The next post (part 5) will show the end of the process, with the finished piece. Read Cover Up (part 1), (part 2) and (part 3).
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I’m always astonished at the amount of work and detail there is in each of your pieces. Just wonderful! And I hadn’t realised about the wire – either the branched frame or the edgings to each little person’s window.
Thanks Val, I’m glad that you understood about the wire, since it’s a bit hard to explain.
I enjoy each post that you put up about your projects and look forward to the next one.
I live looking at all the detail you put in your work and the story around it.
Can’t wait to see what your next project will be!
Thank you, Diane for following along on my artistic journey!
I’m also a mini doll maker, completely different to yours, so I relate to the time and different decissions involved in each project. Sometimes I leave them behind because I can;t see to find the right attire or legs/arms to jive. I have been following you for years, I so admire your work.
Thank you so much for sharing your talent
I love the way you are willing to show some of the process.
Could you tell us about your studio practice – like how much time in the day and when you think is the best time for you to work?…if you have a regular system.
Sandy in the UK
Thanks for checking in, Sandy. As for my studio practice, it’s pretty much all day, every day. Please go to my About page for a bit more info.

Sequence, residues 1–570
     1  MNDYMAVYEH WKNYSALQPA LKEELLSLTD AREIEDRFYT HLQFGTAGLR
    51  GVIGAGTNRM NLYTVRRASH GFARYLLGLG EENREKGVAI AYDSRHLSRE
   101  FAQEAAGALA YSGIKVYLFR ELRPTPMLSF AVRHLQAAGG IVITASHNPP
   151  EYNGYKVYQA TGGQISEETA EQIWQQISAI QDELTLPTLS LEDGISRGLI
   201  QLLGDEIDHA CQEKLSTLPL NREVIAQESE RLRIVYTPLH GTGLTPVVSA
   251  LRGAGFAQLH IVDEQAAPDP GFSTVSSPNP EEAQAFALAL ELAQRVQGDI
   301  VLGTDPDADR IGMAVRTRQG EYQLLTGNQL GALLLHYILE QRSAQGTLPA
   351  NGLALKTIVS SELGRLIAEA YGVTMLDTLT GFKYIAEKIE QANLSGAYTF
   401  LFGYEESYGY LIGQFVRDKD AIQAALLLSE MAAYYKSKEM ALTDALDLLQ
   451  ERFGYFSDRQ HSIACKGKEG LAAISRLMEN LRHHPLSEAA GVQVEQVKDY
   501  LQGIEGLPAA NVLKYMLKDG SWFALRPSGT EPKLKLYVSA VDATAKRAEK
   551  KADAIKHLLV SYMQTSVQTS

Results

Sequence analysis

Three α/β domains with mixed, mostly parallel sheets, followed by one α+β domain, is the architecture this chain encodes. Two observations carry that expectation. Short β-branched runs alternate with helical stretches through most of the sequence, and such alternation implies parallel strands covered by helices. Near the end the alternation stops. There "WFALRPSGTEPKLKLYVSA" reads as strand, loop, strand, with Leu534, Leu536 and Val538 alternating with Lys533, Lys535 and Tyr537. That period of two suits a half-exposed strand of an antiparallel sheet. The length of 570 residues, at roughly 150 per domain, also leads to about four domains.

Sent from my Verizon, Samsung Galaxy smartphone
Hi Sandy, Sorry, I should have sent you to the FAQ page instead of the About Page for more info. https://weefolkstudio.com/faq/
I am always thrilled when I see a post from you on FB; it makes my day. I love all the things you create, and it is fun for me to imagine the process and surroundings in my mind when I see your creations. I love color and the many details involved in what you do; even the gathering of deadwood from the area you live in. Please know that all of it is enjoyed by your followers and readers. Happy creating😋💕😜
Thank you for your generous comment, Pam!
I just discovered your work and your blog a couple of weeks ago. It is inspirational! Thank you so much for sharing your process!
Oh Sally! What a beautiful tribute to all the women of the world. I loved seeing your hands at work. Colors, textures, tiny head-dresses, curlers, necklaces. I love the tiny worlds that you create whether it’s a children’s book, nursery rhyme or this Cover-up. You make them all magical. Thank you again. Squeeze Polly and Rosie for me.
Thank you so much for consistently checking in. It makes a big difference to hear from people like you!
You know I love all your work, but this is my new most-favorite! Beautiful.
Your work is inspirational. The concept reminds me a bit of Judy Chicago’s Dinner Party series.
Thank you so much Sherri. To be associated with Judy Chicago’s amazing installation is quite an honor!